The country has a Ministry of Tolerance which actively promotes this universal value.

The UAE is an open society, with a population made up of rich cultural and religious diversity. The country has a Ministry of Tolerance which actively promotes this value. Recently, the UAE has officially cut the workweek from five days to 4-1/2 days, and weekends moved from Friday-Saturday to Saturday-Sunday, in sync with the rest of the world. The move is set to better align the country with global markets.

The move will ensure smooth financial, trade and economic transactions with countries that follow a Saturday-Sunday weekend, and facilitate stronger international business links for thousands of UAE-based companies. It will boost not only trading opportunities but also add to the flexible, secure, and enjoyable lifestyle the UAE offers to its citizens and residents.


Forbes and Crunchbase have drawn up a “watch list” of 50 start-ups in the UAE to track. It’s just the tip of the iceberg. The list includes ekar (founded in 2016), Washmen (2015) and Eureeca (2013). Founders of these UAE startups are from everywhere.

Vilhelm Hedberg, the co-founder and CEO of ekar, the region's fastest-growing car share app, was born in Caracas, Venezuela, to Norwegian parents. He founded ekar in 2016, the Middle East’s first pay-as-you-go hourly car rental service. In 2016, ekar was selected by the RTA as the provider for 100-vehicle car-share project, and byother key clients, including Emirates Airlines and Etihad Airways.

Masdar City and ekar announce strategic partnership to bring first Tesla car-share operation to the Middle East
Masdar City and ekar announce strategic partnership to bring first Tesla car-share operation to the Middle East Image Credit: Supplied

Jad Halaoui and Rami Shaar founded Washmen in 2015 with a mission to be the “best laundry in the world”.

Christoper Thomas and Sam Quawasmi founded Eureeca in 2013 as an accessible digital crowd-funding platform. It seeks to connect growth-oriented private businesses with investors — ranging from angel investors to strategic institutional investors — globally.

The UAE welcomes talents to make their ideas a reality. This future-driven outlook will secure the UAE’s position as one of the strongest global economies in the coming decades.


Unicorns are companies valued at $1 billion or more. Here’s a UAE unicorn story: In 2005, was just one of the start-ups in Dubai before it became the largest e-commerce retailer in the Arab world. In 2014, it rolled out the “White Friday” sales event to coincide with Black Friday in the US.

On March 28, 2017, Amazon acquired for $580 million. Shortly thereafter, became the first UAE’s global “unicorn”.

Uber Careem 2
Uber Careem 2 Image Credit: Gulf News

Another example is Careem. Founded in 2012, Careem is a ride-hailing platform similar to Uber. From the UAE, Careem expanded to over 100 cities across 14 countries. It has created more than one million employment opportunities in the region. In 2020, Uber acquired Careem for $3.1 billion. Though it became a wholly-owned subsidiary, Uber has decided to preserve Careem as a brand. It’s a triple Unicorn.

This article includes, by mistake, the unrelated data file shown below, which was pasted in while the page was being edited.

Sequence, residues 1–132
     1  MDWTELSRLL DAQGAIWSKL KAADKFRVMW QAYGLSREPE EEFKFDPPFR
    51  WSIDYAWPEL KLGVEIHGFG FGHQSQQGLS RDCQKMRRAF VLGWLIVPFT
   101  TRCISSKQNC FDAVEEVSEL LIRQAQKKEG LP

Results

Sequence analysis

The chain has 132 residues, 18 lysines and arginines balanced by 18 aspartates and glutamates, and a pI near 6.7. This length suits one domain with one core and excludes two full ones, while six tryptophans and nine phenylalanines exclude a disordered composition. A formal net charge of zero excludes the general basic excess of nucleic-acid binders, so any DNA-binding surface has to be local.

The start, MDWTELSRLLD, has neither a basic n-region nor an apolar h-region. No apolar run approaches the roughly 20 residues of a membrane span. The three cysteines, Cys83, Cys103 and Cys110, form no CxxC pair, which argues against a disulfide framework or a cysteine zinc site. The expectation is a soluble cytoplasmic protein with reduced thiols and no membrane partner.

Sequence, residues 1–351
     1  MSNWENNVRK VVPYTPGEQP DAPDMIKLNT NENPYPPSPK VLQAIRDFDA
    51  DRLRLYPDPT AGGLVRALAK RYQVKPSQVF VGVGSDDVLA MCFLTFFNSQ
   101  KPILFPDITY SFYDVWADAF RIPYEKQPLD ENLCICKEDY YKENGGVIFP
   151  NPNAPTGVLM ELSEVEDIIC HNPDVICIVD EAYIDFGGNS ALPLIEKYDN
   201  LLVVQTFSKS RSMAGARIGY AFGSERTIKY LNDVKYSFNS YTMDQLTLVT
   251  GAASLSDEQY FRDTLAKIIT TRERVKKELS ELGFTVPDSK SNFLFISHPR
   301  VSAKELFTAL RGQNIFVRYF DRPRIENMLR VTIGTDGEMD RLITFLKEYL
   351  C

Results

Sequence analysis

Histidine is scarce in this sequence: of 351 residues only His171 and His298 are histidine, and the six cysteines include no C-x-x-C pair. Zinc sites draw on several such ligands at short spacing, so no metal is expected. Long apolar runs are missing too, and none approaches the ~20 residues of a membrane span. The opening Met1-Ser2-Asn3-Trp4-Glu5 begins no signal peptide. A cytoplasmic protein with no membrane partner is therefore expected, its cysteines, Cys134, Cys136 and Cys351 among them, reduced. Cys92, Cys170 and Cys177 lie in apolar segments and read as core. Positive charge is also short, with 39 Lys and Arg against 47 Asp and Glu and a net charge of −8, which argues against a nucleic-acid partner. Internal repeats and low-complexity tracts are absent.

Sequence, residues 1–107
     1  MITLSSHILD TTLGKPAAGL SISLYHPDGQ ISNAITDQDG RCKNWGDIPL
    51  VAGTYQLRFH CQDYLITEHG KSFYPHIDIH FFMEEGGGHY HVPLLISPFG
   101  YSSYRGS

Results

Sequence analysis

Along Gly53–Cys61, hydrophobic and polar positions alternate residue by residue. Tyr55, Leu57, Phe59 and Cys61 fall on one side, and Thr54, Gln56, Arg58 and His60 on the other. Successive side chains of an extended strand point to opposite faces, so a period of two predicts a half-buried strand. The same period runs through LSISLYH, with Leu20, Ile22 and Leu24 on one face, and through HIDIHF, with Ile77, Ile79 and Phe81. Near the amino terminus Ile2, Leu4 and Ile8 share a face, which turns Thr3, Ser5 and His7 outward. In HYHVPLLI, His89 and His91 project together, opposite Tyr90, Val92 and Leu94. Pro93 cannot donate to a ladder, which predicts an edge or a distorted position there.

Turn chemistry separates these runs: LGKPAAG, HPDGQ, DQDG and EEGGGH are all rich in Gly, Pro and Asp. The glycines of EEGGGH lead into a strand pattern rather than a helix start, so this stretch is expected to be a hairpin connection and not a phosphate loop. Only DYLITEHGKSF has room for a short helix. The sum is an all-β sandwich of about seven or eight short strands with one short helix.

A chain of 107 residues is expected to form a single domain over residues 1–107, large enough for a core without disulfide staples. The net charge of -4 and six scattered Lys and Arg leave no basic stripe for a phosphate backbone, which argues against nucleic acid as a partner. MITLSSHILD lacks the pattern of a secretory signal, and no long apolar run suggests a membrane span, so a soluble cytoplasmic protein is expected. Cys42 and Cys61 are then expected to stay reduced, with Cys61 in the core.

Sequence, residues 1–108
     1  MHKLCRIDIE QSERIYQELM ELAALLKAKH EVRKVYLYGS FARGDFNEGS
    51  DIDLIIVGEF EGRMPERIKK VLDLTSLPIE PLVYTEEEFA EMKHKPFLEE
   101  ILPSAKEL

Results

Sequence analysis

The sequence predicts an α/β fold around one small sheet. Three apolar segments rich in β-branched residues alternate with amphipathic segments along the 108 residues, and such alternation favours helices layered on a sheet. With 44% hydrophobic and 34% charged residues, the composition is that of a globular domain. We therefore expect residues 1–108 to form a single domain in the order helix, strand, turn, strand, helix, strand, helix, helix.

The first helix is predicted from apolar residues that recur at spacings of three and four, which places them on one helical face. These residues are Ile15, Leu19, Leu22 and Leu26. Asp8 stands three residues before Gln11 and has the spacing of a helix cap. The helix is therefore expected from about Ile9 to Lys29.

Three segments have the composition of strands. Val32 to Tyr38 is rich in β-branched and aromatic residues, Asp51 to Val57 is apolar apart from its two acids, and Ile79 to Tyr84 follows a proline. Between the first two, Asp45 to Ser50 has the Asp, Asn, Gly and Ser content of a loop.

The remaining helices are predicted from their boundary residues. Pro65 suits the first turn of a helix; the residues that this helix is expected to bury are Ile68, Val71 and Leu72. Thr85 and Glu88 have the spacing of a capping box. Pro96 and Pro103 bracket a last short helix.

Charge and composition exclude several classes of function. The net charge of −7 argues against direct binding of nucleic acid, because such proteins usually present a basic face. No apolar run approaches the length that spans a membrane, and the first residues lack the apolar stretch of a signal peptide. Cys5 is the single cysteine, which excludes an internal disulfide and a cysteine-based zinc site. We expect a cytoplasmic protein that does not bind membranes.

Stock Abu Dhabi skyline city UAE
Pigeons fly across from the Abu Dhabi corniche Image Credit: AFP

The UAE is a magnet for a great mix of nationalities. Employees are the backbone of businesses. The Emirates draws people from all continents — I once counted 11 nationalities in the Gulf News reporting team. The UAE has a well-developed system to ensure workers are treated fairly, via the Wages Protection System which protects the salary of workers, the mid-day break rule (no outdoor work from 12.30pm to 3pm during summer months); labour procedures were updated recently to be in tune with the times, and provide greater clarity.


For expat workers, the UAE offers a selection of great neighbourhoods. There are decent, low-rent communities such as Al Quoz in Dubai with easy access to family-oriented recreation as well as affluent ones like The Palm Jumeirah.

And neighbourhood parks are everywhere, while community centres and malls are aplenty. For outdoor activities, people are spoilt for choice. Access to beautiful white-sand beaches is within a 15-minute to 1-hour drive from most residential areas. Great restaurants of all cuisines are available.

Image Credit:

Looking for some delicious local catch? A visit to The Dubai Waterfront, a modern-day fish market, should be your first stop. It’s an experience in itself. The UAE just concluded hosting the 6-month Dubai Expo 2020. It lived up to its promise of "connecting minds and creating the future". It was proof of the UAE's ability to bring along nations, companies and innovators from all over the globe under one roof.